Therefore, this category of evidence will also be excluded under Rule 402, on the ground that it is not relevant, and under Rule 403 on the ground that, if it is somehow relevant, that relevancy is significantly outweighed by the potential for undue prejudice. See FED. R. EVID. 403.

 
5. Evidence of the value of the original Johnson patent

The antepenultimate category of evidence that Dethmers seeks to exclude is evidence of the value of the original Johnson patent. Dethmers contends that Automatic has argued that, if tow bars embodying the Parent invention fall within the scope of claims in the Johnson '240 patent, the value of the Parent invention is somehow limited to the value of the Johnson patent. Because the scope of patent and common-law protection are, and indeed must be, different, Dethmers argues that the jury could be confused into improperly measuring the value of the Parent invention by the value of the Johnson patent. Automatic again refers the court to its trial brief for argument in support of the admissibility of this evidence, but the court again finds the trial brief devoid of any argument that evidence of the value of the Johnson patent is relevant to any remaining claim. In its resistance proper, however, Automatic asserts that the '240 patent is comparable technology to the Parent Invention, and thus its value is relevant to any damages on claims of misappropriation of trade secrets, conversion, and "quasi-contract," which presumably includes Dethmers's claims of promissory estoppel and unjust enrichment. In oral arguments, counsel for Automatic again asserted that the amount Dethmers paid to acquire the Johnson patent is indicative of a reasonable royalty for Automatic's allegedly improper use of the Parent Invention.

Notwithstanding identification of "[t]he rates paid by the licensee for the use of other patents comparable to the patent in suit" as a factor in determining a reasonable royalty in patent infringement suits, see, e.g., Georgia-Pacific Corp. v. United States Plywood Corp., 318 F. Supp. 1116, 1120 (S.D.N.Y.1970), modified and aff'd, 446 F.2d 295 (2d Cir.), cert. denied, 404 U.S. 870, 92 S. Ct. 105, 30 L. Ed. 2d 114 (1971), the court is not satisfied that the value of the '240 patent has any relevance to damages on Dethmers's unjust enrichment and promissory estoppel claims, which will be treated in more detail below. The patent and the Parent Invention are not identical in scope and the record suggests that at the time that Automatic allegedly entered into a contract with Parent or otherwise promised to compensate him for the use of his ideas, Automatic was ignorant of the existence of the '240 patent. To the extent the evidence of the value of the Johnson patent could somehow be relevant, the court finds that it could serve to confuse the issues in the case, again, because the scope of the patent and the ideas at issue in the present claims are not identical. See FED. R. EVID. 403 (recognizing confusion of issues as a ground for exclusion); Mulder, 147 F.3d at 707.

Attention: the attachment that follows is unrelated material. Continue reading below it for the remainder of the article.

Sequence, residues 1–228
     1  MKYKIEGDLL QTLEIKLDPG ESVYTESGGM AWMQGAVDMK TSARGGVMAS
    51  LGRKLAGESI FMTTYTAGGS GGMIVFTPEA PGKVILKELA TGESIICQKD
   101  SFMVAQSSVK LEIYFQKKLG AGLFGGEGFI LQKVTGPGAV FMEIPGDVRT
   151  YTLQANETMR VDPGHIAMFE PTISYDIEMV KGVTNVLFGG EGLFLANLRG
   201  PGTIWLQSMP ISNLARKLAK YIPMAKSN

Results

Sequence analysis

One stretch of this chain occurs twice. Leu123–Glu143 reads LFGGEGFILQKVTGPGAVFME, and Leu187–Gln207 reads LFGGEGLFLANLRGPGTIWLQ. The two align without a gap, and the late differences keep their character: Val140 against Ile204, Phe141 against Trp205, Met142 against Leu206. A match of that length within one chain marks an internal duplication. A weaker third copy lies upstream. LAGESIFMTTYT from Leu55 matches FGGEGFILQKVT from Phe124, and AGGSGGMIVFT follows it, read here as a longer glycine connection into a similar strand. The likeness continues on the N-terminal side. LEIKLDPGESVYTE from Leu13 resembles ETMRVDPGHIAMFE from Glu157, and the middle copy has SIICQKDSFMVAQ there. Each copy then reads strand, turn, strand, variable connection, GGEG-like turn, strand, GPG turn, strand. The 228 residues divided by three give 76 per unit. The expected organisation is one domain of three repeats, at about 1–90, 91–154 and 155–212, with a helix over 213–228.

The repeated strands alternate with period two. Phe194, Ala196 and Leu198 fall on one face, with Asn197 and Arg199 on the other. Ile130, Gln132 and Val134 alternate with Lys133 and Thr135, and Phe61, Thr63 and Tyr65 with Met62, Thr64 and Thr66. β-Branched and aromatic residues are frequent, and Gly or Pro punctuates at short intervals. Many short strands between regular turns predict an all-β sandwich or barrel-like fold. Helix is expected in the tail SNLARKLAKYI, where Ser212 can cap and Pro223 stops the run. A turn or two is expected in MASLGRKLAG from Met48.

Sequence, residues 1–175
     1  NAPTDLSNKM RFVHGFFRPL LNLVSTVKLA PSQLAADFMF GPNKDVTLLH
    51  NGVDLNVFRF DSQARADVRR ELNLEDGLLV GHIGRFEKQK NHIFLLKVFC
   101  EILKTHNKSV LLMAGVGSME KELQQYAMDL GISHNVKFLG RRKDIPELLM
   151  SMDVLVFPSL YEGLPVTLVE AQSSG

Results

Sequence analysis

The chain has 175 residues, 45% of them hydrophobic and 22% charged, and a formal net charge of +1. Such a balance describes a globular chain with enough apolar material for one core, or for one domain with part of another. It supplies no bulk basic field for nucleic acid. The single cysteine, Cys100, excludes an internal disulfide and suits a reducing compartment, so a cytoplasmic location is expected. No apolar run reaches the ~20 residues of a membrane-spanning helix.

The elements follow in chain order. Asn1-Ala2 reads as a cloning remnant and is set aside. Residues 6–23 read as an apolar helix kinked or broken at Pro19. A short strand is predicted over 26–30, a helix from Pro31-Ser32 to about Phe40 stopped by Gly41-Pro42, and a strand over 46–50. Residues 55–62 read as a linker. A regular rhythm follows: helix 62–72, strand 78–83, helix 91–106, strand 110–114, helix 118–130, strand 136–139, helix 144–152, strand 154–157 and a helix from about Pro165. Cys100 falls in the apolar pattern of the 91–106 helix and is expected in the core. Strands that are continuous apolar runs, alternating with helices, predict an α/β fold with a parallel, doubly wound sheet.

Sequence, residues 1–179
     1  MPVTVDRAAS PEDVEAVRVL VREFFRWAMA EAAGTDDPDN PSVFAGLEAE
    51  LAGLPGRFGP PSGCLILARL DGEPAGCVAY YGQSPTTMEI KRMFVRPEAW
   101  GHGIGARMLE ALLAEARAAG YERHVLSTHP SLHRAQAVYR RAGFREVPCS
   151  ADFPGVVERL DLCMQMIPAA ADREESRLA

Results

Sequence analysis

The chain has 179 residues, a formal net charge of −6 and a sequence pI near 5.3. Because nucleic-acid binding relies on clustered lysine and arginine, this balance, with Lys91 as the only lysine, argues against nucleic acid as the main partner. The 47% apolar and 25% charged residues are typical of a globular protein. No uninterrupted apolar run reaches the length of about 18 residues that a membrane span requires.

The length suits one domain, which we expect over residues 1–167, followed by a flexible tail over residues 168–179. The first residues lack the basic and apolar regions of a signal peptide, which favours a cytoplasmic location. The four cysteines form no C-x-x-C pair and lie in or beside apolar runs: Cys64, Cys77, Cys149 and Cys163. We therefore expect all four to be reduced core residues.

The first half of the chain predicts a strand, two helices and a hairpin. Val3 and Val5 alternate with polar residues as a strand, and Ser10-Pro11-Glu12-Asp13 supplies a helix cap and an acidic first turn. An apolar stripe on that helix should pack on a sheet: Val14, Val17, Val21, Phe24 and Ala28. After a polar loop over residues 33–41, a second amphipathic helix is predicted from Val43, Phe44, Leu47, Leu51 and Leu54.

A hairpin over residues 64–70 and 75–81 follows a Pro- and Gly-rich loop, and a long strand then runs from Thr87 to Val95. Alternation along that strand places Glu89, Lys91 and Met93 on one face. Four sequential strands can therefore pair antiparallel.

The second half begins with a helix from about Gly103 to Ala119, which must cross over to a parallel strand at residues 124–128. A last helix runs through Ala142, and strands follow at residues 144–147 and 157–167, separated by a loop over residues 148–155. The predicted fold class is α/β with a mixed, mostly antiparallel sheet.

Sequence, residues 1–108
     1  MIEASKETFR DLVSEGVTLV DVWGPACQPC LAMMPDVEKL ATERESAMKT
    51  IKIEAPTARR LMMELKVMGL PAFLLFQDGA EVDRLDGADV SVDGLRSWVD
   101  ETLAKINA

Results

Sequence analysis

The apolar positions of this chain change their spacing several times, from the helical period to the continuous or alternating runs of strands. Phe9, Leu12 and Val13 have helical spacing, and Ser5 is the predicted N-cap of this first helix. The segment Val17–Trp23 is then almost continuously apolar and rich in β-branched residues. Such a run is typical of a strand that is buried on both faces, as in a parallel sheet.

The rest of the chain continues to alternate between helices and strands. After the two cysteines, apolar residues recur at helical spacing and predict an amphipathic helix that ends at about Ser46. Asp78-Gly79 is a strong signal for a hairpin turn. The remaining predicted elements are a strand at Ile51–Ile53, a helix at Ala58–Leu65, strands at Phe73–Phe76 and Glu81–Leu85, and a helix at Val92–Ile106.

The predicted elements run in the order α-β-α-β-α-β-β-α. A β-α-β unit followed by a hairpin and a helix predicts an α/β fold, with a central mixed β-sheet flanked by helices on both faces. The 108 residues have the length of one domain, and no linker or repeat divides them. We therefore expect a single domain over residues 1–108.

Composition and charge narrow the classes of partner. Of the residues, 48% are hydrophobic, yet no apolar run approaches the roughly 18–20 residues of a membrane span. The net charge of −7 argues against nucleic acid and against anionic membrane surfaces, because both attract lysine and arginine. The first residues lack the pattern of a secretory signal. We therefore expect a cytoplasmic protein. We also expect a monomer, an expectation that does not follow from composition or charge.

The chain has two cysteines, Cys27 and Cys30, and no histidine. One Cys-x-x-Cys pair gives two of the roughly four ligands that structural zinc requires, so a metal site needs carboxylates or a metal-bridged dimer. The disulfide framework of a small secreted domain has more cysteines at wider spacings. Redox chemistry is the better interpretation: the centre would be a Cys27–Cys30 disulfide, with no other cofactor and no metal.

Therefore, this category of evidence will also be excluded under Rule 402, on the *1006 ground that it is not relevant, and under Rule 403 on the ground that, if it is somehow relevant, that relevancy is significantly outweighed by the potential for undue prejudice. See FED. R. EVID. 403.

 
6. Evidence of the October 4, 1994, letter

The penultimate item of evidence Dethmers seeks to exclude is a letter of October 4, 1994, offered as an exhibit by Automatic. The letter is from Brian Laurenzo, one of Dethmers's attorneys, to Jay Hesse, President of Automatic. Dethmers contends that the letter sets forth certain claims against Automatic and asserts that products manufactured by Automatic infringe the original Johnson patent, and would infringe the Parent patent when issued. In its motion, Dethmers asserts further that it understood the letter would be offered to refute its claim of trade secret protection for the Parent Invention. Dethmers contends that the letter should be excluded, because Dethmers has dismissed the trade secret claim to which the letter might have been relevant. Even if the letter somehow remains marginally relevant, Dethmers contends that the potential for undue prejudice and confusion is significant, because it might place counsel for Dethmers in the position of being, in effect, a witness for Automatic, or being put to the choice of testifying to refute improper arguments related to the letter. Finally, Dethmers contends that the letter is hearsay. Automatic offered no written response to this motion in limine prior to the oral arguments, and offered no response at oral arguments.